Why You Should Read Your Novel Out Loud

Hey, writer pal! If you're a Blots & Plots regular, you know that I like to give fun tips to make novel writing easier and more creative. One of my favorite and most popular posts is Why You Should Write Your Novel on Paper, and today, I'm happy to present its twin, Why You Should Read Your Novel Out Loud!

Have you ever heard people talk about the rhythm of a novel? A common example of this is The Great Gatsby, which when read out loud, sounds almost like a poem. Now, not every novel needs to sound like this when read audibly, but that F. Scott was onto something. When you read your novel out loud, you can experience your novel in a completely new way.

What ways, you ask? Allow me to open your eyes, my friend.

Pacing makes or breaks your story

When I hear the term "pacing your novel," I always think of a horse race. {Don't ask me why. This brain is a mysterious and magical place.} You have the horses who start off sprinting, and then taper off into a nice, solid trot near the end. Then, you have the ones who can't get their footing quite right, and quickly fall to the end of the pack.

When it comes to your novel, there are two types of pacing that require your attention:

  1. Story pacing. This is the my-plot-is-too-slow, my-characters-don't-have-an-arc dilemma. It's the basic flow of your story.
  2. Sentence/word pacing. This is where your sentence varying comes into play. Do you use too many contractions? Do you have way too many run-on sentences?

If you read your novel out loud, you can get a much better idea of sentence-level pacing. It's one thing to eye-ball the page. It's a completely different ball game when you hear it spoken.

You are a word repeater

Sometimes, if I like a word a heck of a lot, I find it filtering into all of my sentences. Or I find myself giving my characters the same actions. Lord, can my characters roll their eyes. When looking at your manuscript page-by-page, you limit yourself to the margins. However, if you pick a scene and read it from start to finish, you'll find more habits than you might imagine.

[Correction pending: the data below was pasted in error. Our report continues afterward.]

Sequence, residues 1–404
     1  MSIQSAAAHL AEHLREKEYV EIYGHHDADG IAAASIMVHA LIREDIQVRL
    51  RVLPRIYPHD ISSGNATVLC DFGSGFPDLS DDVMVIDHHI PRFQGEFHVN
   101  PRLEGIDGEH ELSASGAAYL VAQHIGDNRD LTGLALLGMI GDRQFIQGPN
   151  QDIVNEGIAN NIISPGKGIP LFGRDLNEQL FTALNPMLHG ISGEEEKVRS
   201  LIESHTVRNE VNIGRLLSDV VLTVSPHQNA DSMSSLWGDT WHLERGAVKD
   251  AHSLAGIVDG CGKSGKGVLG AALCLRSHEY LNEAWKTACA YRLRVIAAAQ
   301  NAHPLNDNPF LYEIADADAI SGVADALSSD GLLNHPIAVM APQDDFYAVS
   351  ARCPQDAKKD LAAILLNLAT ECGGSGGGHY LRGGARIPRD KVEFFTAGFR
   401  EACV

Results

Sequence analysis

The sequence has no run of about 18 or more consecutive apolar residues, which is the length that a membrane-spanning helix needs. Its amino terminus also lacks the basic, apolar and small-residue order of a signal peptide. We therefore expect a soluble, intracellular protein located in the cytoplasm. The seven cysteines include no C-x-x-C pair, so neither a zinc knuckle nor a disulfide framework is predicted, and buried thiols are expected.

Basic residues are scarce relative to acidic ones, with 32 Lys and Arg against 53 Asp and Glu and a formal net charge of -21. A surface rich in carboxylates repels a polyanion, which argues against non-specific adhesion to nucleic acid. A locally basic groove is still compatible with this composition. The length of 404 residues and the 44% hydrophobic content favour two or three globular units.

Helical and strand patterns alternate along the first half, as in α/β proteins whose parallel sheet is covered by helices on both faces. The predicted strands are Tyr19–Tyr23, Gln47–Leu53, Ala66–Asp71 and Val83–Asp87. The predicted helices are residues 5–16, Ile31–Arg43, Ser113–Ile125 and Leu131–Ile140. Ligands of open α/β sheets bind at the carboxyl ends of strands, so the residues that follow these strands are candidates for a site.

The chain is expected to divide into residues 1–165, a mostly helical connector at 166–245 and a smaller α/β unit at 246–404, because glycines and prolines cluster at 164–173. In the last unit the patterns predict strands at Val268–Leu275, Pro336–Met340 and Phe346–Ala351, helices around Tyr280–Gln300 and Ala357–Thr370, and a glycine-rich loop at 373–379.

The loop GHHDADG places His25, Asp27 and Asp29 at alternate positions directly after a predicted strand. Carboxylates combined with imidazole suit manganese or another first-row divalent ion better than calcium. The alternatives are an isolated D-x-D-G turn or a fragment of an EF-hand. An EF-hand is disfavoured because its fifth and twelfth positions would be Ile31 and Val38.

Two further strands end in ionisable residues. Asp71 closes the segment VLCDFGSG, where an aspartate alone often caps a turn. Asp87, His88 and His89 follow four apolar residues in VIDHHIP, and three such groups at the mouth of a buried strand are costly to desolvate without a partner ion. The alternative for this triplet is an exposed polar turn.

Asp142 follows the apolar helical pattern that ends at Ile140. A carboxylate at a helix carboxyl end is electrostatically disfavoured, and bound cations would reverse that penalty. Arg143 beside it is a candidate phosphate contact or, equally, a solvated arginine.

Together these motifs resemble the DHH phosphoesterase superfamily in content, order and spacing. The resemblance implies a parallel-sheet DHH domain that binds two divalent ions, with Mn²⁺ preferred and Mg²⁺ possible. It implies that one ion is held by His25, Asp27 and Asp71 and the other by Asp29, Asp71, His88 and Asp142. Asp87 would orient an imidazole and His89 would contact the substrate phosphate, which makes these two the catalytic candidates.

Here are a few things to listen for when you read your novel, piece by piece:

  1. Extraneous words. I absolutely detest the word "some," yet I find it trickles into my work like crazy. It's not until I read it out loud that I realize how unnecessary it is.
  2. Repeat words. Again, your characters can only roll their eyes so many times, people. Didn't your mother ever tell you that your face will get stuck that way?
  3. Boring words. Are your own words boring you? Add some pizzazz! {Use the word pizzazz, if you feel so inclined.}

Your Dialogue Is Your Story's Soul

Okay, maybe you don't agree with me. Maybe, you're a setting kind of gal/guy. I think we can all agree that without dialogue, we have no novel. {Unless you are super literary or a poet or extremely innovative.}

Dialogue can be a tricky game. Each character has their own way of speaking and phrasing their sentences. If you get really advanced, you should be able to present pieces of dialogue anonymously to your readers and have them guess the character correctly. Every time. {More on characters over here.}

But we don't need to be there yet.

When it comes to dialogue, your characters need to sound like real people having real conversations. When we read our dialogue out loud, we can get creative with it. Here are some tips:

  1. Put on a play! Assign parts. Maybe you have awesome friends/family who are willing to chip in for the cause. Assign parts and act it out! Take notes on what works and what doesn't.
  2. Break out your tape recorder. Again, dialogue is tricky. It might help to listen to your scenes in playback form.
  3. Pretend you're taping an audiobook. You're not a writer anymore. You're a voice actor! Each character = a new voice. Have fun with this, pal.

And there you have it! I can't wait to see what kind of fun adventures this new strategy will bring you.

Discussion Time: Have you ever read your writing out loud? Are you excited to give it a try?